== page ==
Serum lipid levels and suicide attempts

Research output: Contribution to journalArticle

46 Citations (Scopus)

Abstract

Objective: To determine whether a correlation exists between lower serum lipid concentrations and increased suicide risk. Method: Serum lipid profiles were pair-matched for 60 patients who had recently experienced failed attempts at suicide and equal number of non-suicidal psychiatric patients, and normal controls. Suicide attempt severity was scored using Weisman and Worden's risk-rescue rating scale. Results: (a) Total serum cholesterol and low density lipoprotein level were found to be lower in the parasuicidal population at statistically significant levels (P < 0.01 and <0.05, respectively); (b) triglyceride concentrations were lower in suicide attempters with major depression compared with non-suicidal depressed patients; and (c) risk-rescue rating scores were negatively correlated with total serum cholesterol levels (r = -0.347, P = 0.007). Conclusion: Low lipid metabolism may be a potential biological marker in the assessment of suicide risk. Further investigations are necessary to elucidate the biological mechanisms of these findings.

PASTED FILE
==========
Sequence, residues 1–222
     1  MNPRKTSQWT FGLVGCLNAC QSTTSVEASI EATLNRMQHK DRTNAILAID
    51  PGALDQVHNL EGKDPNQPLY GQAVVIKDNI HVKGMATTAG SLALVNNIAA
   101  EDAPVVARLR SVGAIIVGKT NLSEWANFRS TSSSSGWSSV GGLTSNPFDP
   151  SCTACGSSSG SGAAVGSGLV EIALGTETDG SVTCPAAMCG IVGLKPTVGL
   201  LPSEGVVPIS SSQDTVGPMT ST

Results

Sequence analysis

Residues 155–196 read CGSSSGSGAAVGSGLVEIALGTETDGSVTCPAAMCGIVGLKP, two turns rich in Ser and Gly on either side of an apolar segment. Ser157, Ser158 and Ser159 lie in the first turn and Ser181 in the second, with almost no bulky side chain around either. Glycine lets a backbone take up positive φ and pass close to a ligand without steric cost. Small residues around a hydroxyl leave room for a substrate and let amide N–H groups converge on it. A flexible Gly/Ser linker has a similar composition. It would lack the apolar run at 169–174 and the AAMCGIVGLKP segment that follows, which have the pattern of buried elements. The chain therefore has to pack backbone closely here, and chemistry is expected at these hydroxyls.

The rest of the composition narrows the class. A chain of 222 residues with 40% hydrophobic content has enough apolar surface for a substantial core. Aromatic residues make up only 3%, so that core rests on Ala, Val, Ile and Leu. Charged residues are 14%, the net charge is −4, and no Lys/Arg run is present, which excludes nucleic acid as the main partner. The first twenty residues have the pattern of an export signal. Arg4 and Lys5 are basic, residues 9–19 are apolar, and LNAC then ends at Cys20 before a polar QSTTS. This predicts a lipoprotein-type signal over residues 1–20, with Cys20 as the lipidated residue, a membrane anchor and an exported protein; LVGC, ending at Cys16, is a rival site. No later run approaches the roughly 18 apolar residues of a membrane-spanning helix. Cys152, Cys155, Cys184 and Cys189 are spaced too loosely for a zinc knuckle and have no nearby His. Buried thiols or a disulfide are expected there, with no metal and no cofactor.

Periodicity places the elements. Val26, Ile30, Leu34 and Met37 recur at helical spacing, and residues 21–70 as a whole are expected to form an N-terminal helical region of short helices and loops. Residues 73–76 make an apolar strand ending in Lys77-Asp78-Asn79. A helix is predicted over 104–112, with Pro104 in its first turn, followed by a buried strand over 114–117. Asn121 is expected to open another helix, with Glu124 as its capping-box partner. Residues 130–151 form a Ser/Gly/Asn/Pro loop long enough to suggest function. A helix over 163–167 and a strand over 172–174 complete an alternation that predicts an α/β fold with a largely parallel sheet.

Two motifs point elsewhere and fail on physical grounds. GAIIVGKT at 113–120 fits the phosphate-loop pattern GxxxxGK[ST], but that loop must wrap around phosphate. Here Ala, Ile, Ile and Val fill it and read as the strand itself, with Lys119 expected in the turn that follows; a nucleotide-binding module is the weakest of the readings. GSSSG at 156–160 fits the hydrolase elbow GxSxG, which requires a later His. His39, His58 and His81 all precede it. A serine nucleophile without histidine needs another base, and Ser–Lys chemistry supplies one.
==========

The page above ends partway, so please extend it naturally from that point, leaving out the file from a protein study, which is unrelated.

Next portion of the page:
Original languageEnglish
Pages (from-to)215-221
Number of pages7
JournalActa Psychiatrica Scandinavica
Volume108
Issue number3
DOIs
Publication statusPublished - 2003 Sep 1

Fingerprint

Suicide
Lipids
Serum
Lipid Metabolism
LDL Cholesterol
Psychiatry
Triglycerides
Biomarkers
Cholesterol
Depression
Population

Keywords

  • Cholesterol
  • Depression
  • Lipid
  • Parasuicide
  • Personality disorder
  • Suicide

ASJC Scopus subject areas

  • Psychiatry and Mental health
  • Neuroscience(all)

Cite this

Serum lipid levels and suicide attempts. / Lee, Heon-Jeong; Kim, Yong Ku.

In: Acta Psychiatrica Scandinavica, Vol. 108, No. 3, 01.09.2003, p. 215-221.

Research output: Contribution to journalArticle

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